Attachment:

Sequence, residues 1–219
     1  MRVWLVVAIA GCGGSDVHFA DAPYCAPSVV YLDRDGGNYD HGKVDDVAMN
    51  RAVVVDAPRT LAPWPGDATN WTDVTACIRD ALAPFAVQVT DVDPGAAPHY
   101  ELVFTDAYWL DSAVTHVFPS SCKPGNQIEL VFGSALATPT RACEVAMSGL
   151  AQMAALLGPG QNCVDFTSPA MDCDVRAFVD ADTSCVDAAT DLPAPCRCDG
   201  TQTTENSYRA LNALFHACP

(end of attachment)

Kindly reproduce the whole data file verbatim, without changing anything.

Sequence, residues 1–219
     1  MRVWLVVAIA GCGGSDVHFA DAPYCAPSVV YLDRDGGNYD HGKVDDVAMN
    51  RAVVVDAPRT LAPWPGDATN WTDVTACIRD ALAPFAVQVT DVDPGAAPHY
   101  ELVFTDAYWL DSAVTHVFPS SCKPGNQIEL VFGSALATPT RACEVAMSGL
   151  AQMAALLGPG QNCVDFTSPA MDCDVRAFVD ADTSCVDAAT DLPAPCRCDG
   201  TQTTENSYRA LNALFHACP